Medium ruby color; blackberry, cherry, elderberry, roasted bell pepper on the nose; blackberry, sour cherry, chocolate, vegetal (bell pepper/green bean), pepper on the palate.
Dry (troken); reserved, refined tannin; medium-plus acidity; medium body. Silky in the mouth. Juicy without bringing heavy fruit. Bright. Clean. No sulfur added in the making. Tasty, versatile. Comparison would be to pinot noir or gamay. Sometimes it is called the “pinot noir of the East.” 12.5% ABV
Lemberger, also known as Blaufränkisch, always has a subtle touch of vegetal. This tracks with the profile, but lemberger’s bell pepper/green bean note is a feature, not a flaw. While this is not a well-known wine—in part because it has so many different names—it is grown around the world and is an important red grape. It buds early and ripens late, which can cause problems, but it can produce high yields without significant loss of quality. When over-cropped, the green, vegetal notes become more pronounced. The subtleness of the bell pepper and green bean notes indicate this was appropriately farmed.
Germany has some 4,300 acres of lemberger, most planted in the Württemberg region, where this came from. Württemberg generally is considered the best red wine production region in Germany. Lemberger is the second-most planted red grape in Austria and in the Czech Republic. Hungary, where it is known as Kékfrankos (“Blue Frankish), it is planted on almost 20,000 acres. It is planted across the U.S. and particularly has a long history in Washington State. Its principal drawback is an association—by similarity in name only—to smelly limberger cheese. Blaufränkisch has the problem of pronunciation difficulty, so in the U.S. you likely are to see it identified as “Blue Franc” or “blue frankish.”
Weingut Schnaitmann (weingut is German for winery) has deep history. According to church records, the first 19 generations of Schnaitmanns (and Schnaitfraus) likely traveled from the Styria region of what is now Austria to Fellbach some 600 years ago. There has been an unbroken line of grape growers in the family ever since. It was not until 1997, however, that the family began harvesting grapes for their own label.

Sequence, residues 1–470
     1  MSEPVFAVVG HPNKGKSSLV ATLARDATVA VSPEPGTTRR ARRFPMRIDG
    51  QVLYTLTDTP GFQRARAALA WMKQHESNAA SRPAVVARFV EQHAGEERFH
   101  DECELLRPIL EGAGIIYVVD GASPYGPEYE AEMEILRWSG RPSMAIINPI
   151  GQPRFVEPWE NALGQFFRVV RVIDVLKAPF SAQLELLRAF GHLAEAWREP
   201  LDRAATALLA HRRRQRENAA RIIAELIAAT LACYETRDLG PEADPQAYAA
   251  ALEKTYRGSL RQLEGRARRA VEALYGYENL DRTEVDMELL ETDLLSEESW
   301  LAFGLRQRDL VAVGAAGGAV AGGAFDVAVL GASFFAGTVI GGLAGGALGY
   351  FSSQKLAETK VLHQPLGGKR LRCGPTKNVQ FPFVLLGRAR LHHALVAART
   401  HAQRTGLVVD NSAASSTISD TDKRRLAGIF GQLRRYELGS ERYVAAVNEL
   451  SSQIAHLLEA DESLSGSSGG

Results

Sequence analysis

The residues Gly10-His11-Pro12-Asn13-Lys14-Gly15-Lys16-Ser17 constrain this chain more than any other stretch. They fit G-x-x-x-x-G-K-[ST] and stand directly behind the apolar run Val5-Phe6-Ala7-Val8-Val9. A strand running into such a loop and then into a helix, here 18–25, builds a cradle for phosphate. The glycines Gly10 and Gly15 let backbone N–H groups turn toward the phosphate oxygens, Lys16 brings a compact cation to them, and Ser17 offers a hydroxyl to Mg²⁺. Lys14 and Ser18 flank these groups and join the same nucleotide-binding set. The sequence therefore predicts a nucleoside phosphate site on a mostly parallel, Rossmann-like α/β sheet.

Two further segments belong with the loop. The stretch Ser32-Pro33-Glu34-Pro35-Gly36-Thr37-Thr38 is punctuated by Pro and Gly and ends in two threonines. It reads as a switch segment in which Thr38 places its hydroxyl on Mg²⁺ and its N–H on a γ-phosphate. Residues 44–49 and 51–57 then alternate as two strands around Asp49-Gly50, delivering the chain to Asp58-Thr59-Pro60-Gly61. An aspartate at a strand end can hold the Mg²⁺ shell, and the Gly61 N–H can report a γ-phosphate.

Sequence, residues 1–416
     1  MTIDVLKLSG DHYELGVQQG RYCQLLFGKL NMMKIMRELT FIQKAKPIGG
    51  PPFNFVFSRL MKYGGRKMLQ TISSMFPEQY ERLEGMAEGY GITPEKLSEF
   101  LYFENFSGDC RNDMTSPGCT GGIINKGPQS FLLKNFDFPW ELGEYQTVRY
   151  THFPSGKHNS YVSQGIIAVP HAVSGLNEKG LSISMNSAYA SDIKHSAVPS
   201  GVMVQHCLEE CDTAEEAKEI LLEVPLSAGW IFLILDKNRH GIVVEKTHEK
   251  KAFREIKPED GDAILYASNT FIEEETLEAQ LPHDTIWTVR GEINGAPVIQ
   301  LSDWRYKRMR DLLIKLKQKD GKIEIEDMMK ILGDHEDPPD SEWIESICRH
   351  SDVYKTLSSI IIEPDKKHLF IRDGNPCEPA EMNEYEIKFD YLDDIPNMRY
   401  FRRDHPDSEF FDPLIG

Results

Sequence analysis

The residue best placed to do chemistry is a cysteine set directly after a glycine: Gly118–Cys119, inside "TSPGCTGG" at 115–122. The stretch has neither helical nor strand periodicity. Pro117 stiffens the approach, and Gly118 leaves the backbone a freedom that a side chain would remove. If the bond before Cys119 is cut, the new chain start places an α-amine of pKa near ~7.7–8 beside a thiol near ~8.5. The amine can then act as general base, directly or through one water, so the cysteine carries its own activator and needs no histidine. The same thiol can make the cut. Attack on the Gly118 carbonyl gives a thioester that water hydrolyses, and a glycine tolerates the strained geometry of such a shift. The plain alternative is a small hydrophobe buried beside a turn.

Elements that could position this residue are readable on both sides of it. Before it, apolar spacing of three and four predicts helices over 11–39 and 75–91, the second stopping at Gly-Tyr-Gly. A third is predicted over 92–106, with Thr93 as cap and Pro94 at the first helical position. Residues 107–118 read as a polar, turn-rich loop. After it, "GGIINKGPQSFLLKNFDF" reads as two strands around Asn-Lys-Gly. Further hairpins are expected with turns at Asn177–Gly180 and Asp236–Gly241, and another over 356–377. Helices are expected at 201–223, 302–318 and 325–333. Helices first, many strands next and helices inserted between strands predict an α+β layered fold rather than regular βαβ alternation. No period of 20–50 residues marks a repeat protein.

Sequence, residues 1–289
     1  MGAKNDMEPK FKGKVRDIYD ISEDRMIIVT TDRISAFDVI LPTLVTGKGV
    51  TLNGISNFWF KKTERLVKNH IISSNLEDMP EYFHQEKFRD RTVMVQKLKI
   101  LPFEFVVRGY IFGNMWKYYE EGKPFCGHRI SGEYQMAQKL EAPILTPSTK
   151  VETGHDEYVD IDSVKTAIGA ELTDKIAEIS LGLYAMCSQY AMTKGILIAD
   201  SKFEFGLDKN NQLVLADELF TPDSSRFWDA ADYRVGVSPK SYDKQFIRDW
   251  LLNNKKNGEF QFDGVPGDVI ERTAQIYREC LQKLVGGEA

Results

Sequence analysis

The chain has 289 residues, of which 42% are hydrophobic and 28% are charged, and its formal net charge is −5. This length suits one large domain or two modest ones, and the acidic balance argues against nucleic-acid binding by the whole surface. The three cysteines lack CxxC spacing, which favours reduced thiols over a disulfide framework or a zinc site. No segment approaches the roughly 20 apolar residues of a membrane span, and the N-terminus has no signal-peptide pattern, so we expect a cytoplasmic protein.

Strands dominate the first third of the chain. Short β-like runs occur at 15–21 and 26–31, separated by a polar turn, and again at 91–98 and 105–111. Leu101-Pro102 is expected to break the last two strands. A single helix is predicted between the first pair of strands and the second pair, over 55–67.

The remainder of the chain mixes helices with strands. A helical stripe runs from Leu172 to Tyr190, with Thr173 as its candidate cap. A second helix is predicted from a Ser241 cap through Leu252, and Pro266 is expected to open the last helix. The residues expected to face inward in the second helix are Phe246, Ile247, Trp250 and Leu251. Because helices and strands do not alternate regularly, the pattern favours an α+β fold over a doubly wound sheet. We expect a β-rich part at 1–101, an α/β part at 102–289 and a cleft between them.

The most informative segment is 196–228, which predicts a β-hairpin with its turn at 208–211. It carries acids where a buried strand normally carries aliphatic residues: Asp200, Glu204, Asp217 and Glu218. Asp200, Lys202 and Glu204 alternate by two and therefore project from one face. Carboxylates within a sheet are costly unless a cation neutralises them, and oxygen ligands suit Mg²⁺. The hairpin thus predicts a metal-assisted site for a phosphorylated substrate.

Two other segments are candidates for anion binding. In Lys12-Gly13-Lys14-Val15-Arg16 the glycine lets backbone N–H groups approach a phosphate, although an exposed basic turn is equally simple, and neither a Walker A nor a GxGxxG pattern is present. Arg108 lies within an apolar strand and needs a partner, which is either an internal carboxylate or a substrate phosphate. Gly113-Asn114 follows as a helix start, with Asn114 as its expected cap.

The winery prides itself on attracting talented and dedicated employees through an apprentices program. And then keeping them in the company. In June 2000, a hailstorm stuck all of Fellbach’s vineyards, destroying the vintage. Schnaitmann did not collapse in despair, they set out immediately to buy grapes from those who did not experience the misfortune, then expanded operations in wider area of Rems Valley.
The website notes: “A former intern put us on to vineyards in the Zabergäu, which have helped mitigate the risk of hail and expanded our portfolio to include new soil and micro-climates unique to the Unterland region. We’ve now grown to 26 hectares, often very small parcels that we cultivate strictly organically with our team.”
Schnaitmann Steinwiege Lemberger 2017 is a lighter red you may not be familiar with, or familiar with it under another name. If you enjoy pinot noir or gamay wine, this clearly a wine to put on your to-drink list. Smooth, almost delicate, delicious. Lemberger/Blaufräkisch is famously versatile with food. Pair with grilled lamb; lamb gyro; duck or chicken; tomato-based pasta; pork; smoked sausage; potato goulash; Mediterranean fare in general. Could be enjoyed served chilled on a summer afternoon by pool or on patio, porch, picnic. $30-37